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Saturday, April 30, 2016

Catholic Teaching and the Right of Human Beings to Water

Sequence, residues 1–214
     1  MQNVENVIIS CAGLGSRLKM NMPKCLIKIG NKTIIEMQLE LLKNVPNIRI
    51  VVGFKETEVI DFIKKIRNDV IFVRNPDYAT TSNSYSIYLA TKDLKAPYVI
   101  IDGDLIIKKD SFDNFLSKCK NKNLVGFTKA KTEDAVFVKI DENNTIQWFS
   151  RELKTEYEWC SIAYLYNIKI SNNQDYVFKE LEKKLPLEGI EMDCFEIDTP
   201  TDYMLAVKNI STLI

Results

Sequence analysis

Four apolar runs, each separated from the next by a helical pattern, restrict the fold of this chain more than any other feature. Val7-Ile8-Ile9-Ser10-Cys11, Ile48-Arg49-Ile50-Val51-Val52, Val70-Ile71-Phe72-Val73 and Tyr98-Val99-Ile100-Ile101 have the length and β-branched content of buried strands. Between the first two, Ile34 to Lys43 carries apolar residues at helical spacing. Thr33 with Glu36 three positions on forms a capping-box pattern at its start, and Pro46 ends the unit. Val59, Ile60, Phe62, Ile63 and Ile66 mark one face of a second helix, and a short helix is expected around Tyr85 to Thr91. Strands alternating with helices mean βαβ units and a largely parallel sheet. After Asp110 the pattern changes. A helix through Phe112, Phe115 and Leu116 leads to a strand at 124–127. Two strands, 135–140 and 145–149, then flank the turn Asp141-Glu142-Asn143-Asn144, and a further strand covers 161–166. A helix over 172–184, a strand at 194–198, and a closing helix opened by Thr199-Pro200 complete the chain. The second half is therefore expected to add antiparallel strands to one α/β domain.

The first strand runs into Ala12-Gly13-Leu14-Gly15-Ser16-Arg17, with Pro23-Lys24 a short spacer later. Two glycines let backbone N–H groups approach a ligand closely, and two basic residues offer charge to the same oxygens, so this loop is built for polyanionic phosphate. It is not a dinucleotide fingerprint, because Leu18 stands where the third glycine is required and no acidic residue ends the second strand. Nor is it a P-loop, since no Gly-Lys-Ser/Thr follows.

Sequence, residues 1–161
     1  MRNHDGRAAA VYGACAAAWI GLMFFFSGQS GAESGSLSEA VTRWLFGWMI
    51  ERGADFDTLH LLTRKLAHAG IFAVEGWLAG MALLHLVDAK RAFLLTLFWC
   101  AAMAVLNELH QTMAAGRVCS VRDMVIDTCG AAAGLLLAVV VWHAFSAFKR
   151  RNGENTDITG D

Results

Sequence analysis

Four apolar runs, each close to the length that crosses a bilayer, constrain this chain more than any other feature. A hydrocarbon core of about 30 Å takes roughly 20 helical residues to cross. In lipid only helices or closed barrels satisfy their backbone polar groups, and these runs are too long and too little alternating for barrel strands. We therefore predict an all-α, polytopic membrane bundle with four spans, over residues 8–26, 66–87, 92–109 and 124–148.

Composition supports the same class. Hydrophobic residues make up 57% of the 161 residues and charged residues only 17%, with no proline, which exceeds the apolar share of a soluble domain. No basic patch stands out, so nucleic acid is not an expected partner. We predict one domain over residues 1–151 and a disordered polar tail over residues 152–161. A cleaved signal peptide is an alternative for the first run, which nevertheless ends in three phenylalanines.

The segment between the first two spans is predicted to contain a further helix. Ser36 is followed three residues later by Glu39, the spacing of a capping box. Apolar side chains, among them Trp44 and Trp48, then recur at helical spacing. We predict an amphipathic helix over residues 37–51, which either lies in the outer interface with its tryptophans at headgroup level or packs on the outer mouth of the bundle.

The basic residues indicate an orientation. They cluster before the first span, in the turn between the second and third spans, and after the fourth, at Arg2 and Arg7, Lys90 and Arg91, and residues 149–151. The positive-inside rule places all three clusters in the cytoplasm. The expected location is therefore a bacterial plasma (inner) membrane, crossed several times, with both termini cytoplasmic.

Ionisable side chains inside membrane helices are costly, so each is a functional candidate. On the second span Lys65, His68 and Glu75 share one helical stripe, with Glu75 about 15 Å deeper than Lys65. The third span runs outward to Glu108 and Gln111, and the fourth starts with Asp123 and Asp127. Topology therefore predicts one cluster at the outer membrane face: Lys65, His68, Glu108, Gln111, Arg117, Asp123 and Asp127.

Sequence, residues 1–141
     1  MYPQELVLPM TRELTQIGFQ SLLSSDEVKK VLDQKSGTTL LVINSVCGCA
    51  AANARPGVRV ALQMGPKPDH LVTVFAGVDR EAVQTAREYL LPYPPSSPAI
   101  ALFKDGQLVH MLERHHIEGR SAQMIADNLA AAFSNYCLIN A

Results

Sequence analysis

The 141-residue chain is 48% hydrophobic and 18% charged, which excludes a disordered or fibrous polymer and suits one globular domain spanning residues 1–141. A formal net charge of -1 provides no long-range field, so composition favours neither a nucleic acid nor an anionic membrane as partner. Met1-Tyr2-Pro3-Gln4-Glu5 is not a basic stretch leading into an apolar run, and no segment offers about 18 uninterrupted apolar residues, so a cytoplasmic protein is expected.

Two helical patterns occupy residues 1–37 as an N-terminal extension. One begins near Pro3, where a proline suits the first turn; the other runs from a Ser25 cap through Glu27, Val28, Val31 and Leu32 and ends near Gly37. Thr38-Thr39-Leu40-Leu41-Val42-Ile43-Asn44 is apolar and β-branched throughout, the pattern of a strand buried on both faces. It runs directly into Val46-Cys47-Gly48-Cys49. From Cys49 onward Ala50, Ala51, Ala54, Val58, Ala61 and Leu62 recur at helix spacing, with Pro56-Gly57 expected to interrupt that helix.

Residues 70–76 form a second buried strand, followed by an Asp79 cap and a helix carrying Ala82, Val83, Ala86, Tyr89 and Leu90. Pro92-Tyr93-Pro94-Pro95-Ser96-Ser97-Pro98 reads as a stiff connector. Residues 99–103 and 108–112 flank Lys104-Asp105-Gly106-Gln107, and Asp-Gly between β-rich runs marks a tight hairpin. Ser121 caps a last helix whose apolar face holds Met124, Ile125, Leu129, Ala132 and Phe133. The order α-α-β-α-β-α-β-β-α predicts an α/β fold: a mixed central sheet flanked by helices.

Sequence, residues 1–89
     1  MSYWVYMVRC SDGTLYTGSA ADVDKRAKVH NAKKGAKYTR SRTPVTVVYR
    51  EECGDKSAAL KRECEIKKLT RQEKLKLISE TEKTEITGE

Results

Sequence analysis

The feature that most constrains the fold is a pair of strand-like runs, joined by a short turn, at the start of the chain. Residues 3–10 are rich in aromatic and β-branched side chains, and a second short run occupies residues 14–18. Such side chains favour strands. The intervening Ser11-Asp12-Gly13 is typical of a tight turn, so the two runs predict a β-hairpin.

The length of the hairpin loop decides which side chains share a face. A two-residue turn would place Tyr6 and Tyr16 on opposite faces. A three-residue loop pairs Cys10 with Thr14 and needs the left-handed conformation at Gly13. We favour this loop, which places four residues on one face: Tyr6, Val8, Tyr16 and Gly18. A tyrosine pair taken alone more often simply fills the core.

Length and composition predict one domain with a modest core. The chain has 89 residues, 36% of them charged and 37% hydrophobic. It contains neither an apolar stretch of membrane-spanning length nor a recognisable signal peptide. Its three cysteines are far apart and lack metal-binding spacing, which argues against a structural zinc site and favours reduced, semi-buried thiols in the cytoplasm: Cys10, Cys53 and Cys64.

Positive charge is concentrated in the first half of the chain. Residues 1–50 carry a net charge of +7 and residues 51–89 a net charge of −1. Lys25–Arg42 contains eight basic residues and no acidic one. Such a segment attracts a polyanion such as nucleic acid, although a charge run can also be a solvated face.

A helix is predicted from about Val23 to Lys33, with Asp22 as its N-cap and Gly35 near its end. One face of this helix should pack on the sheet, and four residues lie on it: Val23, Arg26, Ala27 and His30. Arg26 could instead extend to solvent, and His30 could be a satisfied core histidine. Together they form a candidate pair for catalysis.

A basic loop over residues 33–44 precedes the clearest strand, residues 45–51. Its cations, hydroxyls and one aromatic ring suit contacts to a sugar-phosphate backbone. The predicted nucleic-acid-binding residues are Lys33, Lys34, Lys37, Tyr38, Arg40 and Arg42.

One of the greatest looming crisis in the world today is the global water shortage. Both secular and religious social justice advocates are concerned with this and Catholics in particular are applying CST (Catholic Social Teaching for my non-Catholic friends) to this. I have always been concerned with inequality and it's savage effects, as a Catholic child, as a fallen away Catholic, and as a returned Catholic. But returning late in adulthood, and studying CST I have gained a entirely new set of tools to use on this problem. I thank my old Santa Cruz friend Kim MacKay for this article and here is my take: Water is becoming a a point of conflict between global capitalism and the poor of the world. It is being treated as private property of investors. Catholic social teaching starts with certain simple premises: the dignity and right to survive of every human being, The "universal destination of goods" (that the good things of the earth are ultimately everyone's, as in Eden), the good of private property (that it protects people) and balancing the three, the Common Good, by which the universal destination of goods and the right of all to survive places limits on the right of private property, sometimes completely overcoming it. Aquinas, for instance, allowed that with no other remedies available, a person had the right to steal for survival. Nestle, a global beverage company, is asserting it's right of private property against the rights of rural and urban poor and farmers to water for survival. The Catholic church and secular critics are not in agreement, nor am I.